Here is an example where promoting the pawn to a Queen might not be the best way to move ahead.

In the above example, it’s white’s move, and the pawn at e7 is going to be promoted.

Now let’s take a look at the various possibilities.

  1. If white decides to promote their pawn to a Queen, the game will suddenly become equal, in terms of material, with both sides having 1 Queen and 2 pawns each. This is not a bad idea, but it’s not the best either, as chess players we tend to think a few steps ahead to gain an advantage.
  1. The second option would be underpromoting it to a Rook or a Bishop. Now if someone decides to do this, they are clearly at a disadvantage, because a Rook or a Bishop is no match against the Queen, especially in the end game.
  1. Now the last and final option is underpromoting the pawn to a Knight. In this situation, the e7 pawn will be promoted to a knight on reaching the e8 square, which will immediately fork both the king and the queen on g7 and c7 respectively. Now the opponent is forced to move the king leaving the queen vulnerable.

As soon as the black king moves, the knight on e8 can capture the queen, which will lead to a clear disadvantage for the black while being a piece down.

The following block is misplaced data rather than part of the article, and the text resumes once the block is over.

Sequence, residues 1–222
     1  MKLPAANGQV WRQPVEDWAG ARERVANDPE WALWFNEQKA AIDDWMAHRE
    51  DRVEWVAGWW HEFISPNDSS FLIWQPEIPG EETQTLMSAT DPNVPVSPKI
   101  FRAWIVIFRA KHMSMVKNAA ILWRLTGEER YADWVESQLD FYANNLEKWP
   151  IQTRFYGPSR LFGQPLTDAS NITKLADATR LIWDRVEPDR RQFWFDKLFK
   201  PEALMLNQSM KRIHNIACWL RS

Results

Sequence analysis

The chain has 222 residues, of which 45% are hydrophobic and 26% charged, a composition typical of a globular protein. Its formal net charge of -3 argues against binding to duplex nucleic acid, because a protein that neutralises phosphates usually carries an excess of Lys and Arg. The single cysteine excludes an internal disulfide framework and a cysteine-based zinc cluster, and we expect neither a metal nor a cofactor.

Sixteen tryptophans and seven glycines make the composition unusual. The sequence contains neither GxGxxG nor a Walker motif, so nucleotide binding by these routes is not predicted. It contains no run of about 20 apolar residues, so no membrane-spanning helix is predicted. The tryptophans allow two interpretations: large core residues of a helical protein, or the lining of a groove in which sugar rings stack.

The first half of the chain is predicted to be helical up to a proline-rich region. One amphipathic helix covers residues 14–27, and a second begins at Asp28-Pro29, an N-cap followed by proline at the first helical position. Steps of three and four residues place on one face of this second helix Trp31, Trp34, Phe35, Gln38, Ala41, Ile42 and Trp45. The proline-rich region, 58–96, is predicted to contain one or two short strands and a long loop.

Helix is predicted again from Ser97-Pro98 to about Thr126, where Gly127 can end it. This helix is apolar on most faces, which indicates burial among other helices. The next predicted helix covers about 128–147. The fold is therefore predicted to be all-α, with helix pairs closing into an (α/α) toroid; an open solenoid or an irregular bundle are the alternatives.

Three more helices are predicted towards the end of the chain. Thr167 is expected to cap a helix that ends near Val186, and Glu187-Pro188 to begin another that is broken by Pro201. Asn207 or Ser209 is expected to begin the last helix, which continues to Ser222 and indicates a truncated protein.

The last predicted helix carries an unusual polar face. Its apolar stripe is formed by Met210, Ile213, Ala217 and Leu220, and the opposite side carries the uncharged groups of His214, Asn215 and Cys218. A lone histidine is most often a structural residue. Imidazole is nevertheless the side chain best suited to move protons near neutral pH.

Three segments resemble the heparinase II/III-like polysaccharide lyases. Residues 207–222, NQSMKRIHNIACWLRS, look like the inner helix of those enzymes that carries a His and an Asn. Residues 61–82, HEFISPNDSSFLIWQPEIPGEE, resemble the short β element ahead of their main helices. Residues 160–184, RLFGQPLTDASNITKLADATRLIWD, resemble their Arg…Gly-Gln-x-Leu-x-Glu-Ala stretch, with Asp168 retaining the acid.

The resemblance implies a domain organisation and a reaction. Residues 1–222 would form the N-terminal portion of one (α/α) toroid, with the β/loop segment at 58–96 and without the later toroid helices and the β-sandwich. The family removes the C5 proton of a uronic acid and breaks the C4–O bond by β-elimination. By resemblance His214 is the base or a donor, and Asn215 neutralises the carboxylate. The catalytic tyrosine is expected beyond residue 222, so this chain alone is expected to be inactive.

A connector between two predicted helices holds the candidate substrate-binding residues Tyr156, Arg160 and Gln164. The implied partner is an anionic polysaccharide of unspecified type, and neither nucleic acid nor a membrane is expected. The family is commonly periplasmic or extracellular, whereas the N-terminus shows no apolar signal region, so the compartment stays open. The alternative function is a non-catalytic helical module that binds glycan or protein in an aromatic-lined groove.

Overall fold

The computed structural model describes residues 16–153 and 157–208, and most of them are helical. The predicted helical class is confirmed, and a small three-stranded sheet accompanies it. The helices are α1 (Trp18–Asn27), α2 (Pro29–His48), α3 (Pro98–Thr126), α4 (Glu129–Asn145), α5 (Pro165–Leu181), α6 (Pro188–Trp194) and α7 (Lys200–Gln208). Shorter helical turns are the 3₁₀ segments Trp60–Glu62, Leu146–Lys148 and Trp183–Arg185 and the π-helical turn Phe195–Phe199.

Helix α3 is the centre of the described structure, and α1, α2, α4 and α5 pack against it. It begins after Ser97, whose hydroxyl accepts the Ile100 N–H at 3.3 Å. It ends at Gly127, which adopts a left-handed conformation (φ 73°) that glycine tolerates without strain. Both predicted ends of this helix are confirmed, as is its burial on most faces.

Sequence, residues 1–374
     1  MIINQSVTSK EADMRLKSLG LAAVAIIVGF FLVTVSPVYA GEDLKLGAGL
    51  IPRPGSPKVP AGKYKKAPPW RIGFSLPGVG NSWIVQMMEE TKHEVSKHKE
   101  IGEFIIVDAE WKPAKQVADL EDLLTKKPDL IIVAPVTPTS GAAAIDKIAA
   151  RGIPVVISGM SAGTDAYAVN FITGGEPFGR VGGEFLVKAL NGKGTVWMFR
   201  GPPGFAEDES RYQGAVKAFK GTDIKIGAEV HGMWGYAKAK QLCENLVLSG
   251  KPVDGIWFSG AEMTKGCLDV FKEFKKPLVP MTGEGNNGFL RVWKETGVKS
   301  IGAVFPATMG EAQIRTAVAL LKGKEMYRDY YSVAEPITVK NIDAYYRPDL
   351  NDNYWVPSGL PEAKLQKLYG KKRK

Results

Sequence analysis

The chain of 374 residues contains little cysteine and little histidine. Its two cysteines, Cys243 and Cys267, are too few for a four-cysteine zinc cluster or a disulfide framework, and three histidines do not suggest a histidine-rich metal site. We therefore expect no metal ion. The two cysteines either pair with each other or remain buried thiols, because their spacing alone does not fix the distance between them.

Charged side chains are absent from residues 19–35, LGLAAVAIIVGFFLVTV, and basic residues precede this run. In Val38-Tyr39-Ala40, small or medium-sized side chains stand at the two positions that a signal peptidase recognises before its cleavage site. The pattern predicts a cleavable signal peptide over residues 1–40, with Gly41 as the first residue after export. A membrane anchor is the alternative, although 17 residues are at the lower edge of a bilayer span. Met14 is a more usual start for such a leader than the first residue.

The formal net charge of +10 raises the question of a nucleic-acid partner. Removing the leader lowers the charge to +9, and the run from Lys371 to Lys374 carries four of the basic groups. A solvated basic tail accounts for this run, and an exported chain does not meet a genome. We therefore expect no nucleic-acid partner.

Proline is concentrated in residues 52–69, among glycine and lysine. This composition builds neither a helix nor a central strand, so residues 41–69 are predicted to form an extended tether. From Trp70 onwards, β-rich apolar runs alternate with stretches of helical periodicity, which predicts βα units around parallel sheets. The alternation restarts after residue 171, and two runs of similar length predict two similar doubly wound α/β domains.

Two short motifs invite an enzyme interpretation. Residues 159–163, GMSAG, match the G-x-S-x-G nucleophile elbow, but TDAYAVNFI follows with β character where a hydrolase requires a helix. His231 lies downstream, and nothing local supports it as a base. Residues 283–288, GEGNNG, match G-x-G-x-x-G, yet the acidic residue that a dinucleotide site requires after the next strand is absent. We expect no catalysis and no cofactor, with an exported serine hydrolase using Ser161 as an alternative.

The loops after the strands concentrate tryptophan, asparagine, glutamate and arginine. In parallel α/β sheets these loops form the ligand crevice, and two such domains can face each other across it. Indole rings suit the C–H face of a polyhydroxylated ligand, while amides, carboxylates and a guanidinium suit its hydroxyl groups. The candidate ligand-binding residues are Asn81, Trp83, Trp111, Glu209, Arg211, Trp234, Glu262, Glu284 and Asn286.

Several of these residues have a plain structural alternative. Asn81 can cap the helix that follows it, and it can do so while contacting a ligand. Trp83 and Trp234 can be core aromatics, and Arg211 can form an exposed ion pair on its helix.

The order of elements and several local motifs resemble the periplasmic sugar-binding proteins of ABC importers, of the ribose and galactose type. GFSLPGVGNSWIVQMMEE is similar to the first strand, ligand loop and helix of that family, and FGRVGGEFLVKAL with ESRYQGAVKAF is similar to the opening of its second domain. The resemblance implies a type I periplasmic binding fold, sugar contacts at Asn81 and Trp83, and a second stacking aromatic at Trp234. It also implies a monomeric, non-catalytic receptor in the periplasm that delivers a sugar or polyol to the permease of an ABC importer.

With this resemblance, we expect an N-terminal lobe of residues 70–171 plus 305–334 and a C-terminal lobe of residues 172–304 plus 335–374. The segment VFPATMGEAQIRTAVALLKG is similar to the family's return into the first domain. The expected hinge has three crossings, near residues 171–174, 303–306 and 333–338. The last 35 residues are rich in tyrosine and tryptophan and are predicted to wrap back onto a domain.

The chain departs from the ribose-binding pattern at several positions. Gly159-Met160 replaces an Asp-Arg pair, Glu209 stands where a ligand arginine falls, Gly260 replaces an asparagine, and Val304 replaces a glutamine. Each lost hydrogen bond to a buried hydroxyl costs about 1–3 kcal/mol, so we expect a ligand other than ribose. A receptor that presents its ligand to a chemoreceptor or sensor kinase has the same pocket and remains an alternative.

Read more if you are not very familiar with the Chess Notations

How many queens can you have in chess?

If you can manage to promote all of your 8 pawns to a queen as they reach the 8th rank on the board, you could theoretically have 9 queens under your control.

9 queens on the field is an uncommon situation that we can’t fathom happening in real play, and there’s no need for most players to have 9 queens on the board.

A few queens on the chessboard can usually lead to a checkmate against even the most formidable of opponents.

Although unlikely, a player could theoretically have 9 queens, 10 knights, 10 bishops, or 10 Rooks. It’s hard to imagine that anyone, even a world champion, would be happy to face such a disadvantage. It’s frustrating, but it happens to the best of us.

Why should you aim for having as many queens as possible?

The Queen boasts the combined strength of Rook and Bishop. This makes the Queen the most valuable piece on the board. Mathematically speaking a Queen is almost the same as a Rook + Minor Piece + Pawn. Which clearly states that the Queen is the strongest piece on the board, encouraging players to try and get as many Queens as possible.

The majority of players never consider promoting a pawn to anything lesser than the Queen. This is because it is by far the most powerful piece and can accomplish nearly everything that any of the other pieces can, as well as a great deal more.

All chess pieces are assigned a value that reflects their worth in exchange. According to this system, the Queen is worth 9 points.